Thursday, February 14, 2013

Dual Enrollment (On the School of Mary)

I didn't realize until I entered the working world that different universities offer different educations.

All I'd ever absorbed -- surely by ignoring many good sources probably informing me otherwise -- was that you get a good job by going to college. It didn't matter which college, or even what you studied. Just. Go. To. College.

I realized at Freshman Orientation, toured around campus in "small" groups of 40, that this feeling of traveling in a herd was my new normal. But I didn't realize it doesn't have to be that way.

In hindsight, I can see that I began attending another school while enrolled at university, and perhaps it was my preoccupation with these other lessons that made my academic degree plan feel more like a side job and less like the reason I moved to Denton, TX.

I changed majors with the seasons of each year, drifting from Archaeology to Dance to Organizational Communication to Dance to Rhetorical Studies to Psychology to Counseling to Dance to Communication Studies (finally ending up with Communication Studies, emphasis in Performance Studies, minor in Dance).

All the while, I found myself distracted and captivated by other, less formal classes, in a sanctuary of old couches and cobwebbed windows. I experienced the peace of silence, how to sincerely ask someone to forgive you, who I am in solitude, why I can be an introvert and still enjoy game nights, and that my deepest, wordless prayers float effortlessly to heaven on the words of the liturgy.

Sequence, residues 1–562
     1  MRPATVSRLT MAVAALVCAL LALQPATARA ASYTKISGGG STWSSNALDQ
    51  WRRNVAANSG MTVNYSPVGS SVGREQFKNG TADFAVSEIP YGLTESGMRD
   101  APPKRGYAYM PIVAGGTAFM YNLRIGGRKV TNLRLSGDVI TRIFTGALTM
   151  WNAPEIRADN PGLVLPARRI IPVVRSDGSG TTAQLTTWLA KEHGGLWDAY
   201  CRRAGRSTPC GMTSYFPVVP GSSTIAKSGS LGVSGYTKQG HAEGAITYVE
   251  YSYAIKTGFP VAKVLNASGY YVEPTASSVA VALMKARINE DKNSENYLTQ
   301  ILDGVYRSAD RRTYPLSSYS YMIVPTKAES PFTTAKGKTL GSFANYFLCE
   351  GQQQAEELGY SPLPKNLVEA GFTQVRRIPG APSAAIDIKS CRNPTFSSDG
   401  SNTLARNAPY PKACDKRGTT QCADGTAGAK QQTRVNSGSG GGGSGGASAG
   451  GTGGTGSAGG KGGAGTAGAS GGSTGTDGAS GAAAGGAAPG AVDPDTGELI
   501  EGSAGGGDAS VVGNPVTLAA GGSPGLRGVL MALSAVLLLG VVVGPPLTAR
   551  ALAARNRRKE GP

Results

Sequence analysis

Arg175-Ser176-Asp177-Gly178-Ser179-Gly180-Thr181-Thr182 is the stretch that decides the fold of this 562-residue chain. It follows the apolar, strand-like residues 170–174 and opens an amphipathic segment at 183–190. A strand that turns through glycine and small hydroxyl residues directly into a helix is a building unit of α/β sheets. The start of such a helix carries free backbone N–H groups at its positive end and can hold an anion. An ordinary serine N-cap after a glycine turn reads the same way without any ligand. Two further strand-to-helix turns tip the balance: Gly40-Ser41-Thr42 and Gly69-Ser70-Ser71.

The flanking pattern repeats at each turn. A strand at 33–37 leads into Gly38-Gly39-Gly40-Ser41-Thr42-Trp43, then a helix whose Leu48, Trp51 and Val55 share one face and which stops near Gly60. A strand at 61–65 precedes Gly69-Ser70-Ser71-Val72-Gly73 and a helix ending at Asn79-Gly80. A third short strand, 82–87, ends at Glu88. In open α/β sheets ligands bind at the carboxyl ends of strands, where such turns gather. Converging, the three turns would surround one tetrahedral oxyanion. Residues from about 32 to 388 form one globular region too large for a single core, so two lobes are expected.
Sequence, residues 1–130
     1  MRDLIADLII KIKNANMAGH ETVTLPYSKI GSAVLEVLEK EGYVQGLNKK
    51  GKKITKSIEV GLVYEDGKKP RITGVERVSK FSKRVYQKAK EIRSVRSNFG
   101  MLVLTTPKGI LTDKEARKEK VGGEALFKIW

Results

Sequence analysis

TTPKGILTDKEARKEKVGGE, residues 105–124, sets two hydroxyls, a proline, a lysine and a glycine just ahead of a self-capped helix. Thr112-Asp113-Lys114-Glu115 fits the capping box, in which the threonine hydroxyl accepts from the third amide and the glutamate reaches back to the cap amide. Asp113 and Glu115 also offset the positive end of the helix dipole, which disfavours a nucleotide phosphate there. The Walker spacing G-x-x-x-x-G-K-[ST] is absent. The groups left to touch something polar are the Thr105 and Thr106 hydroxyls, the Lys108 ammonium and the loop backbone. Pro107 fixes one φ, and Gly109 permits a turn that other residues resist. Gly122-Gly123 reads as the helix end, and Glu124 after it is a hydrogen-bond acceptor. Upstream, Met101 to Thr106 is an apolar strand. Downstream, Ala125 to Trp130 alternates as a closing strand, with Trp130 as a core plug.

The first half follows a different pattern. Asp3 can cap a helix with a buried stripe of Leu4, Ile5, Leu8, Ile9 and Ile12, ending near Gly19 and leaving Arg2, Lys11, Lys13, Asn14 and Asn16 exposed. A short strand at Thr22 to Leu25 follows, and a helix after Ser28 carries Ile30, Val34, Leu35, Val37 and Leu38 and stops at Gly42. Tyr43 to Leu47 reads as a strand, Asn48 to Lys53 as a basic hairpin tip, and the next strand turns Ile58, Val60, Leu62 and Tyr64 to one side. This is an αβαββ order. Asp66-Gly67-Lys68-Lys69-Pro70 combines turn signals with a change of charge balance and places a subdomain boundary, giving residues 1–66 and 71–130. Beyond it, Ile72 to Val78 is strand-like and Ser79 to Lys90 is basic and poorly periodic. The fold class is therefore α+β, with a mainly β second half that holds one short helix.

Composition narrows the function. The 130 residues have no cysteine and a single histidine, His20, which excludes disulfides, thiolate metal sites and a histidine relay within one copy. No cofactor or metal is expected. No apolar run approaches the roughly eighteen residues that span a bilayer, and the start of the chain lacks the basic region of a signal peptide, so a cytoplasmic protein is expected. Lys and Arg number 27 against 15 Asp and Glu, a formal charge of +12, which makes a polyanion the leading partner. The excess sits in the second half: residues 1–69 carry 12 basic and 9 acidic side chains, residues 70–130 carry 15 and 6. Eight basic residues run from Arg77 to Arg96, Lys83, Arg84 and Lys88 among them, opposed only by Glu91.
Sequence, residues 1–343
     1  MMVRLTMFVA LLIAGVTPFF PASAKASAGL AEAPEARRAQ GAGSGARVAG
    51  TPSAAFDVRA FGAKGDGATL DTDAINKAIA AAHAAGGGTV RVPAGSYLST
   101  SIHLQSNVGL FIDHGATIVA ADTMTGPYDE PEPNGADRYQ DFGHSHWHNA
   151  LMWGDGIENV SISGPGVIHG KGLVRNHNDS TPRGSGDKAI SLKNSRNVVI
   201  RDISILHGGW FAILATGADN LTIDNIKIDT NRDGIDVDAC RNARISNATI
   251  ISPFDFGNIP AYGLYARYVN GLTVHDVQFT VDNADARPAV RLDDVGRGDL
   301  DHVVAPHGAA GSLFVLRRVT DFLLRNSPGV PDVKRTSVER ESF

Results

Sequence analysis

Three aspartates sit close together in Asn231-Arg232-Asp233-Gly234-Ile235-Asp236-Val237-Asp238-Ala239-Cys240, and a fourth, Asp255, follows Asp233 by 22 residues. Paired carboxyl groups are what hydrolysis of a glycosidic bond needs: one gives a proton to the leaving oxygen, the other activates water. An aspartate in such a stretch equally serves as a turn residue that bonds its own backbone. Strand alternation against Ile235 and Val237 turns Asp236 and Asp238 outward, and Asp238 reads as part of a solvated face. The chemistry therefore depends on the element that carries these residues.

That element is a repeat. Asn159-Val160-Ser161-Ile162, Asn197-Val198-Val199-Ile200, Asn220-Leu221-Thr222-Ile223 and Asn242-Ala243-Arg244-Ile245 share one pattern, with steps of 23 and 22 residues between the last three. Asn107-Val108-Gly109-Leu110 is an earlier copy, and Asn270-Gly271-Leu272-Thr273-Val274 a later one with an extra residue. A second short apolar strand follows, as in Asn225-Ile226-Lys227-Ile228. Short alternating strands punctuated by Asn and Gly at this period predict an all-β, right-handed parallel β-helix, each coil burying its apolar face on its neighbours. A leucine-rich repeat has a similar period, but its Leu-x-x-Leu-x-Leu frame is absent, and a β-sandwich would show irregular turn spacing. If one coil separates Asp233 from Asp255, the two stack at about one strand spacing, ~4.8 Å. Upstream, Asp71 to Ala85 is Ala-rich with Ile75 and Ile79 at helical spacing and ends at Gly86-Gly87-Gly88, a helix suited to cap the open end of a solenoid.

What surprises me today -- besides the fact that my university department advisors let my flaky self return to their offices so many times -- is that they never knew my name. They could pull up my transcript on a computer and delineate on their flow chart where I was on the progression of their major, but they didn't ask where I had come from, or where I was going, or what I was doing. I didn't hear about internships, informational interviews, networking, 10-year plans...

Yet in my unofficial studies in a creaking, seemingly forgotten chapel, my teacher knew my name. She opened a door that countless travellers before me have stepped through. Pope John Paul II called this the School of Mary, where we learn to follow Christ in the footsteps of a mortal so consecrated to the Immortal that He chose to incarnate within her.

Am I an idolator that I call her mother, that I rest at her feet to learn of her Son? That I want to be close to her, because I find such solace in the same arms that cradled our Lord to sleep? She who spent more time with Him than anyone, who pondered his wonder decades before a first miracle, whose own heart was pierced in sorrow, as Simeon said it would be, and who stood with the early Church at Pentecost, though she'd already received the Holy Spirit 33 years earlier.

Jesus taught me to call her Mother.

I rest on Jesus, as his beloved disciple, I hear of Jesus' resurrection, as his beloved disciple, I witness Jesus' resurrected body, as his beloved disciple, I trust in my future, as his beloved disciple, and I receive the gift of his mother, as his beloved disciple.

She continues to teach me many lessons and to bring me, always, to the heart of her Son.

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